Wyoming opens the door to having carbon capture installed on coal-fired plants with the aim of prolonging their existence. The Wyoming Governor Mark Gordon has helped realize a deal with PacifiCorp to keep Unit 2 of Jim Bridger Coal Power Plant operational past April 30.
According to the Governor’s office, the coal-powered plant plans conversion of Jim Bridger Units 1 and 2 from coal to gas. The conversion might take two years and it is important to note that both units will continue to be operational during that time, despite adding to the state’s carbon footprint.
The coal power plant is out of compliance with required pollution control from the Environmental Protection Agency (EPA) and Rocky Mountain Power that operates it, has previously attempted to negotiate an exemption from the requirements. But before the negotiations were finalized, a new administration took over. Gordon issued a suspension on Dec. 31, 2021 for Unit 2 of the plant that should operate only until April 30, 2022.
However, the state and utility believe they have come up with a new plan that satisfies EPA and keeps the coal power plant going on for even longer. Instead of installing pollution controls in accordance with the Clean Air Act, PacifiCorp – owner of Rocky Mountain Power, would convert units 1 and 2 in the next two years to natural gas. The process would require some plant workers to change jobs but isn’t expected to cause any layoffs.
A proposal will also be issued for adding carbon capture, utilization and storage technology to Bridger units 3 and/or 4. Unit 3 is expected to continue operating through 2037, and unit 4 is currently scheduled to retire in 2027.
Shannon Anderson, staff attorney for the Powder River Basin Resource Council, a landowners’ group that has challenged the state’s proposed changes, expressed her concerns: “There will never be carbon capture at Jim Bridger 3 and 4 — there just won’t… There’s no need to save Bridger 3 and 4. And the economics are going to be better for that plant if carbon capture isn’t installed. Carbon capture is going to make the economics worse and make it actually more likely that there would be a need for early retirement.”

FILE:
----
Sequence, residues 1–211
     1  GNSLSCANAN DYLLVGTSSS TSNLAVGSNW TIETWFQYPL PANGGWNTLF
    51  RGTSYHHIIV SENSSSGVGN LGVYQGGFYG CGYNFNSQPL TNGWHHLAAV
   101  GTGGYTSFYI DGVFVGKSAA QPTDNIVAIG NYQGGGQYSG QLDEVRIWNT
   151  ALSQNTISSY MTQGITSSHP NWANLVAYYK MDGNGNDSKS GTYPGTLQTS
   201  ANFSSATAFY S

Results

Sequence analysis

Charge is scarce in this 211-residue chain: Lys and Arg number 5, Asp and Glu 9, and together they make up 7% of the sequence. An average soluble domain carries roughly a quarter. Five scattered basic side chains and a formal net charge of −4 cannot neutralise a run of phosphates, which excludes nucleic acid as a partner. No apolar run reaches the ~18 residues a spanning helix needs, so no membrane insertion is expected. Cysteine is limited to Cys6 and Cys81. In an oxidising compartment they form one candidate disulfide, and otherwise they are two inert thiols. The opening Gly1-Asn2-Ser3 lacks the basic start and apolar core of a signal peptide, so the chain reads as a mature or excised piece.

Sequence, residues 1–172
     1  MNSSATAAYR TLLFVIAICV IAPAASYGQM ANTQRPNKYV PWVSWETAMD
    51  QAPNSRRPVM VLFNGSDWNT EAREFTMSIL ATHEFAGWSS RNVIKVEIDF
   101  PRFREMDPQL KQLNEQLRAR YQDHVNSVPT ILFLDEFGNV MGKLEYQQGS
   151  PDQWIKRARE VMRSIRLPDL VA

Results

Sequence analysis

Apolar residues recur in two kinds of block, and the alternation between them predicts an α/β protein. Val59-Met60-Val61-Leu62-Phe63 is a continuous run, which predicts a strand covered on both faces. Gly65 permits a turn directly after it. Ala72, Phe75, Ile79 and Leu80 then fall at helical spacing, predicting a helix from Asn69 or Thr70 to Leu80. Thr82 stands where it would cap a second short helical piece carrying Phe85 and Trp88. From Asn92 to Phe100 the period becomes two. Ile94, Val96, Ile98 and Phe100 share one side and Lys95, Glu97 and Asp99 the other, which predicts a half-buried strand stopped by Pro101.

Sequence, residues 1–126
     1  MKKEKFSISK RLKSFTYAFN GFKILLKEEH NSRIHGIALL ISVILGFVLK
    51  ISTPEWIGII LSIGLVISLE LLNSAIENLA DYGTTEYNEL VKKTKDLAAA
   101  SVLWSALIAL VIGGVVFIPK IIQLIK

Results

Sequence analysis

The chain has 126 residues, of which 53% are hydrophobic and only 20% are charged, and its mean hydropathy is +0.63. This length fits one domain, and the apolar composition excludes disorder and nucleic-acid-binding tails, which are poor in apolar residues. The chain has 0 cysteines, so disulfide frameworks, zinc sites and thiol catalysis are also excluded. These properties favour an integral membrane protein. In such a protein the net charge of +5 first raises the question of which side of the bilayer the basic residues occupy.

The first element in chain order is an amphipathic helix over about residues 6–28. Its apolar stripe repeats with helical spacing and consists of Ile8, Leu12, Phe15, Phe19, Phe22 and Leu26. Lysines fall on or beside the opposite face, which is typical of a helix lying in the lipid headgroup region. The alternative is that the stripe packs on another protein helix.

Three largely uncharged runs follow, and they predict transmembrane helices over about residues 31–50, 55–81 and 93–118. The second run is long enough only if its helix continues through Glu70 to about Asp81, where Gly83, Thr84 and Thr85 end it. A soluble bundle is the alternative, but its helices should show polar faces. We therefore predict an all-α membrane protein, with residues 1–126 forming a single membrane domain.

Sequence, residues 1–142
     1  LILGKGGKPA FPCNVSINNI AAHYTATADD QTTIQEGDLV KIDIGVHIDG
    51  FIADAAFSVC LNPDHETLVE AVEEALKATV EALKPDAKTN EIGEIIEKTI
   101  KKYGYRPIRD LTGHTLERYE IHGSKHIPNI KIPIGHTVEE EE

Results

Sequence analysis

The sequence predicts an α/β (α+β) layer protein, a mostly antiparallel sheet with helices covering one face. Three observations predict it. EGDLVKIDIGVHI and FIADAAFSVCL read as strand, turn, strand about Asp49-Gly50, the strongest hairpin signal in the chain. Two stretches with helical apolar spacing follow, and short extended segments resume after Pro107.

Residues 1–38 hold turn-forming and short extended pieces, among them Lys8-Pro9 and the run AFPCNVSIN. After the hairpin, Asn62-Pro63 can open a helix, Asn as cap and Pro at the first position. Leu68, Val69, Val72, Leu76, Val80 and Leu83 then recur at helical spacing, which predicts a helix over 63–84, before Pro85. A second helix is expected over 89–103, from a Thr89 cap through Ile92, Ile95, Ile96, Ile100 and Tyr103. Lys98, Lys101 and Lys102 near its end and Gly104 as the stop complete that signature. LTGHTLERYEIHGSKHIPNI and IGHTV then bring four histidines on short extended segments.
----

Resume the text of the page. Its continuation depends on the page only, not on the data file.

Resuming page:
Wyoming also pressured PacifiCorp by suing the utility to make sure it converts both units as soon as the necessary infrastructure is in place – to prove that its new plan is more than an empty promise.
Mrs Anderson also added that converting the plants from coal to gas will lower their greenhouse gas emissions. However, she also called it “political theater,” accompanied by “faux enforcement action.”
EPA added a statement to the developments but took more of a natural stance. “We are encouraged by this development and Wyoming’s and PacifiCorp’s agreement to include these commitments in a revised (state implementation plan)… Administrator Regan appreciates the State’s efforts and the constructive dialogue with Governor Gordon,” said Rich Mylott, the agency’s regional public affairs specialist.
The example of the coal fired power plant in Wyoming is one of many that presents evidence of the carbon capture technology being used in a potentially uneconomical and non environmentally friendly way for the sake of saving the coal industry from the inevitable demise. While efforts from coal producers continue towards saving the industry, coal plants continue to operate at a loss and on the back of government subsidies and higher energy bills paid by taxpayers.